Posted by Liberal_in_LA | Sun Nov 1, 2015, 10:59 AM (4 replies)

Great Dane jumps with joy on covered pool

Oct 17, 2015 - Uploaded by Marci M
This is a safety cover! Nessie aka the

****Disclaimer: We recommend that all pup parents supervise their dogs at all times around pools. Please make sure your pups splash and jump responsibly.

If you ever had the chance to jump on a waterbed when you were a kid, then you know what an awesome experience it is… that is until you got yelled at for, not only jumping on a bed, but jumping a very expensive bed that was full of liquid.

Anyway, if you’ve ever had that opportunity, then you also know exactly how much fun this Great Dane is having romping around on this covered pool.
Posted by Liberal_in_LA | Sun Nov 1, 2015, 08:56 AM (1 replies)

Indonesia is burning. The greatest environmental disaster of the 21st century. Ignored by US

Indonesia is burning. So why is the world looking away?

A great tract of Earth is on fire. It looks as you might imagine hell to be. The air has turned ochre: visibility in some cities has been reduced to 30 metres. Children are being prepared for evacuation in warships; already some have choked to death. Species are going up in smoke at an untold rate. It is almost certainly the greatest environmental disaster of the 21st century – so far.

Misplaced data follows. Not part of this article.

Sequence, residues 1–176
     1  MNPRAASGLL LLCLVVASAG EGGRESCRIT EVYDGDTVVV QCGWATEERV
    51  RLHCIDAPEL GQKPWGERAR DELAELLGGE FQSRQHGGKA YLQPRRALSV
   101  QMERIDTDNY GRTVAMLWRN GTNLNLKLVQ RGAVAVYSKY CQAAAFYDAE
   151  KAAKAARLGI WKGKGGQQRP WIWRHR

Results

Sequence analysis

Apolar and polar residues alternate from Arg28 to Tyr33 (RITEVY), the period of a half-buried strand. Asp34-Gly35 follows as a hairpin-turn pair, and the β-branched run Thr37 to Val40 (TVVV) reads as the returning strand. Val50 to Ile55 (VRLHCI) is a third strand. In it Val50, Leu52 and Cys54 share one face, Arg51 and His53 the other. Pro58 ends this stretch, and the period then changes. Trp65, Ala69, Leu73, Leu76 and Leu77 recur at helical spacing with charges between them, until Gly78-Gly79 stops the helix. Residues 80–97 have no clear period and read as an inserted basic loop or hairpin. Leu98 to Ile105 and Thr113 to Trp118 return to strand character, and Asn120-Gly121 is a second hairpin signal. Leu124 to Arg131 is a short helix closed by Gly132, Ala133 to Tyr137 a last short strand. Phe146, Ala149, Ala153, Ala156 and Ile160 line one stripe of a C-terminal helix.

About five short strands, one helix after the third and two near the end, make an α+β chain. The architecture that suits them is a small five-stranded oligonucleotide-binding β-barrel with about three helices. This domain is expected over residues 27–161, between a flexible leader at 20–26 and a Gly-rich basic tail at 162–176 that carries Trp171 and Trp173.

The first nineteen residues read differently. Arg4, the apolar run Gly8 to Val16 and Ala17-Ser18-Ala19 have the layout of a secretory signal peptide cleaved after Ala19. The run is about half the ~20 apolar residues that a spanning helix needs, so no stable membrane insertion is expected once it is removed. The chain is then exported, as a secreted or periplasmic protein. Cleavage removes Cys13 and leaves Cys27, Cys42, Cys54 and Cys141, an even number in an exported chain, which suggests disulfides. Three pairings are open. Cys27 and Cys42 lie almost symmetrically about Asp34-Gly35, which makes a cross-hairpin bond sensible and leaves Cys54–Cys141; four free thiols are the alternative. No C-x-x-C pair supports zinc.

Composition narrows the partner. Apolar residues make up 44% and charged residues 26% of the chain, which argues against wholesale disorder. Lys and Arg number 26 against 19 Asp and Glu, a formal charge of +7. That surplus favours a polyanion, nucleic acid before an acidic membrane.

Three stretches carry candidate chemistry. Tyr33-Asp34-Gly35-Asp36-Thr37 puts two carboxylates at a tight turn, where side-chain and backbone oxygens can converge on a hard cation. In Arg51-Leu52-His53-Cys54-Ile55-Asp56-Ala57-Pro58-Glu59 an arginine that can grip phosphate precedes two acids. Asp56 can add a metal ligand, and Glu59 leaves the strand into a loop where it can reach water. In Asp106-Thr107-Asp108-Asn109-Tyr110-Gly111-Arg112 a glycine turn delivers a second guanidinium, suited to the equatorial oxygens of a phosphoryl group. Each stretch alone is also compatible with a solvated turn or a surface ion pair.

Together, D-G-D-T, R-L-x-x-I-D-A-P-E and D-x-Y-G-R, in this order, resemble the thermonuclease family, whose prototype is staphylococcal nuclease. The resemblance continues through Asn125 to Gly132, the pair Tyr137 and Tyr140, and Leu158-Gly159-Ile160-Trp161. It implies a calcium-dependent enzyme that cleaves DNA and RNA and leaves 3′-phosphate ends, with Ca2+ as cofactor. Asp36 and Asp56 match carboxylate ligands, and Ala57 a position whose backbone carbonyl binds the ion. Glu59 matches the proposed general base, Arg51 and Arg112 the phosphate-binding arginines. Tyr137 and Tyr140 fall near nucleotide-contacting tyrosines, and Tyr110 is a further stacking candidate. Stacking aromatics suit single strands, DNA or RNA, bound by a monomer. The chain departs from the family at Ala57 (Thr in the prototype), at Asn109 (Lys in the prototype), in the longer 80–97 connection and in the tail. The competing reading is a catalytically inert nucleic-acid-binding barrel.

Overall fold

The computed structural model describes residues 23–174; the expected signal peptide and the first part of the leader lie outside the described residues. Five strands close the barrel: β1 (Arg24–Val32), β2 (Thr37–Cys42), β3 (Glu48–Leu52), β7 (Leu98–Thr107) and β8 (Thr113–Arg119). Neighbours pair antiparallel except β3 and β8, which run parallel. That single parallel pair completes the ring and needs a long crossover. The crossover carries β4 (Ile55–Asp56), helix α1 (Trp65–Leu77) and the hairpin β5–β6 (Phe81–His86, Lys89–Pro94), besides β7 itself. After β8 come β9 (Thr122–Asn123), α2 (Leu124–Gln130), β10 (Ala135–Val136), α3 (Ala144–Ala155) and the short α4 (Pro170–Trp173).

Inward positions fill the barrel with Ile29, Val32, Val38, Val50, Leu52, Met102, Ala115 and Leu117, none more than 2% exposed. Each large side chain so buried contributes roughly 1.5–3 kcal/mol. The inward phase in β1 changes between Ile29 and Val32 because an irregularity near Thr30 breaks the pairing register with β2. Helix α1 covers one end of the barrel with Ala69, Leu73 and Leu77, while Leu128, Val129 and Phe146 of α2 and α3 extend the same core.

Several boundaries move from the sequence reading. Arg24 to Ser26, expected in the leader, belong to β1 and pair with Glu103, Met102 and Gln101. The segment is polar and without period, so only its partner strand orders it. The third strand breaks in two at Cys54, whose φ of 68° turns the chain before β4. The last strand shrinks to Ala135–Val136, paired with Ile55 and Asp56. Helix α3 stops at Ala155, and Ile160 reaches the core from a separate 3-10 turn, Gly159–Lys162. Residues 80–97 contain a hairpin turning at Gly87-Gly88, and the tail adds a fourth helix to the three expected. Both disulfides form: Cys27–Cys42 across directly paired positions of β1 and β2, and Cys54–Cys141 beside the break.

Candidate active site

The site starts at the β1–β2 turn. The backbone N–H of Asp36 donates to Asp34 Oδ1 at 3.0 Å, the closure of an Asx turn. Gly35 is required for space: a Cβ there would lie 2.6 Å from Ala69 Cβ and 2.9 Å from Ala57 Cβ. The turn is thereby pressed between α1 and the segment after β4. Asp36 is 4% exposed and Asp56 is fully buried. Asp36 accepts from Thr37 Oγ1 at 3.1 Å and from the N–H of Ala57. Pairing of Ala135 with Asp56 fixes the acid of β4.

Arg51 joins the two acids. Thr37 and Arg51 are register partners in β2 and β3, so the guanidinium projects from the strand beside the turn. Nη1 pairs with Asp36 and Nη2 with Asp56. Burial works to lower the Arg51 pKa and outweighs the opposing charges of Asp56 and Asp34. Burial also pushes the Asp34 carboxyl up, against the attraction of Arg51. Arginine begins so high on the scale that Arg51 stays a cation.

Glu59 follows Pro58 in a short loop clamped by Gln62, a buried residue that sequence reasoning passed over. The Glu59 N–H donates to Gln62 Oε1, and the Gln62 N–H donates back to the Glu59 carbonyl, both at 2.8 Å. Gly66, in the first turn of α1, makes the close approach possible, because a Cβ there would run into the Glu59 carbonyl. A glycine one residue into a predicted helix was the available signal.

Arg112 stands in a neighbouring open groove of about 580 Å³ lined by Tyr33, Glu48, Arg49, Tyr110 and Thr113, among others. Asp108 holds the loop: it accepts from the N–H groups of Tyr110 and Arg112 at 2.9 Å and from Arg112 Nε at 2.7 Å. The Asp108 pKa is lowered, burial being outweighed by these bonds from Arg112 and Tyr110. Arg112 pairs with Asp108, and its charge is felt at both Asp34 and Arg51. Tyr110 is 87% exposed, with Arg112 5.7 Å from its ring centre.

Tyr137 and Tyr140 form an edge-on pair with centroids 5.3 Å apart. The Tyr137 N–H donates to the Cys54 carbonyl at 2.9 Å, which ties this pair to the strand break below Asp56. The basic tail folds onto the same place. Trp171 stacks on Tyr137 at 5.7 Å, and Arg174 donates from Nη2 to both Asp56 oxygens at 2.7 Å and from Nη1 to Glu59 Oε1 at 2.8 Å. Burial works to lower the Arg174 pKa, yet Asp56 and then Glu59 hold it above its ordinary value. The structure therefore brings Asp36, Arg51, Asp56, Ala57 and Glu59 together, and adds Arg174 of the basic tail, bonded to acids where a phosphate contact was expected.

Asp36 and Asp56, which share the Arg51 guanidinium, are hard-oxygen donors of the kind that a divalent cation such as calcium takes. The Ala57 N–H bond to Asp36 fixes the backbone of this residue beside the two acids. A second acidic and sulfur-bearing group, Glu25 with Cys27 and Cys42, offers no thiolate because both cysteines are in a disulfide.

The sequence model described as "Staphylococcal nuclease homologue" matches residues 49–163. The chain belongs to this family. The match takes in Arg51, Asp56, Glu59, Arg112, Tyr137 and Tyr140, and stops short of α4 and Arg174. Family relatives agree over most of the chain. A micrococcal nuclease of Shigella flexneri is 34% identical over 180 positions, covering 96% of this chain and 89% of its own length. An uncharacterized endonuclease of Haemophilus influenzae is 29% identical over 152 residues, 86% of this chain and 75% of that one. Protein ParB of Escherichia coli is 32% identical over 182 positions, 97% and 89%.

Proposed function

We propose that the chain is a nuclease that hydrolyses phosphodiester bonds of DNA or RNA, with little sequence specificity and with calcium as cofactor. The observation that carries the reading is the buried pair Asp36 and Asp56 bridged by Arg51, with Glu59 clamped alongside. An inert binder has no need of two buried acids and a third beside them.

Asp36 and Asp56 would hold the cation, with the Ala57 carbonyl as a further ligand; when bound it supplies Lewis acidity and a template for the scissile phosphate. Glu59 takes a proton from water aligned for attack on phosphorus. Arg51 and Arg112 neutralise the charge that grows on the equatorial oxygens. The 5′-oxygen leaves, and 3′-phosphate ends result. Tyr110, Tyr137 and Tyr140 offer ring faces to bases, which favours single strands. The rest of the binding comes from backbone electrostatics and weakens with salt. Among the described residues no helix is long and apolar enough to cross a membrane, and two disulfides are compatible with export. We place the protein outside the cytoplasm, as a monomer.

Fire is raging across the 5,000km length of Indonesia. It is surely, on any objective assessment, more important than anything else taking place today. And it shouldn’t require a columnist, writing in the middle of a newspaper, to say so. It should be on everyone’s front page. It is hard to convey the scale of this inferno, but here’s a comparison that might help: it is currently producing more carbon dioxide than the US economy. And in three weeks the fires have released more CO2 than the annual emissions of Germany.

But that doesn’t really capture it. This catastrophe cannot be measured only in parts per million. The fires are destroying treasures as precious and irreplaceable as the archaeological remains being levelled by Isis. Orangutans, clouded leopards, sun bears, gibbons, the Sumatran rhinoceros and Sumatran tiger, these are among the threatened species being driven from much of their range by the flames. But there are thousands, perhaps millions, more.

One of the burning provinces is West Papua, a nation that has been illegally occupied by Indonesia since 1963. I spent six months there when I was 24, investigating some of the factors that have led to this disaster. At the time it was a wonderland, rich with endemic species in every swamp and valley. Who knows how many of those have vanished in the past few weeks? This week I have pored and wept over photos of places I loved that have now been reduced to ash.


South-East Asia is choking on Indonesia’s forest fires